OpenDoc was a collaborative effort between Apple Computer, IBM, WordPerfect Corp. (later Novell), Sun Microsystems, XSoft and Taligent to create a vendor independent, open standard for compound documents.
Its development was later taken over by a company called Component Integration Laboratories (CI Labs) that was owned by Apple, IBM and Justsystem. For a time CIL marketed an OpenDoc/CORBA solution for Java under the Live Objects brand. The lack of sales meant that CI Labs was dissolved in 1998 and there was talk about open sourcing the code for OpenDoc and other CI Labs products but for legal reasons that never happened.
Basically an OpenDoc compound document is comprised of modules known as "Parts" that each have its own control program that is referred to as an "Editor". An OpenDoc Part can be anything a normal application would offer, eg a spreadsheet Part, a text Part, a database Part and so on, each Part can not only coexist with other parts in the compound document but they can also nest inside each other. When you open a compound document, you are effectively using a collection of Editors rather than a single program.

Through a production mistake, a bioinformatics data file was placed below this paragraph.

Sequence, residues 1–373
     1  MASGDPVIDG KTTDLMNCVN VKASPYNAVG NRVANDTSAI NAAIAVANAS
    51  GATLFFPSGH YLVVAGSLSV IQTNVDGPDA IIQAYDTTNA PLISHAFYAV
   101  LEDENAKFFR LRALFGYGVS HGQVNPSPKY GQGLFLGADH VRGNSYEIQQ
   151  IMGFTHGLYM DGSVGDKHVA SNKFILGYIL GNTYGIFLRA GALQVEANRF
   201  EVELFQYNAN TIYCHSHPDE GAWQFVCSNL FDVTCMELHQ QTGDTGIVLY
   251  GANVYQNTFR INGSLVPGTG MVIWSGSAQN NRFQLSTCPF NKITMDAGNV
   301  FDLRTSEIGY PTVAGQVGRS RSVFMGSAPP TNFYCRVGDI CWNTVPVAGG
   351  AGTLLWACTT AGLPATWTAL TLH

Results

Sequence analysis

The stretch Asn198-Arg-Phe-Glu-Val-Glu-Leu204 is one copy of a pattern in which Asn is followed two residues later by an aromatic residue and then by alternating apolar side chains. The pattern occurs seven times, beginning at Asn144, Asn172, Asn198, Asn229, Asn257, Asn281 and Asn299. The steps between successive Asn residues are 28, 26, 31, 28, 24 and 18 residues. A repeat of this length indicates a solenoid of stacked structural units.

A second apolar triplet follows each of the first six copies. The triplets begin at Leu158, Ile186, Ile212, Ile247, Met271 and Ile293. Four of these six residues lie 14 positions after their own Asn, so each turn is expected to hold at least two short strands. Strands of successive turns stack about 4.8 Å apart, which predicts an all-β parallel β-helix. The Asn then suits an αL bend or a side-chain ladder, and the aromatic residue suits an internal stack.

If no other storage format is requested or specified by the Editor the data is stored in a meta-format called Bento, that gives each Editor or Part a storage object of its own called "Storage Unit" that contains a list of properties inside it making it look like a file directory to the end user, in turn each Storage Unit is contained inside a list of SU's called Draft but in addition to operating as a sort of an index for Storage units contained inside the handles the householding of file reads and writes, but changes to a Storage Unit are not saved wholesale by a Draft but rather only the changes at each save, which in turn opens up the possibility of an almost infinite undo/redo operations.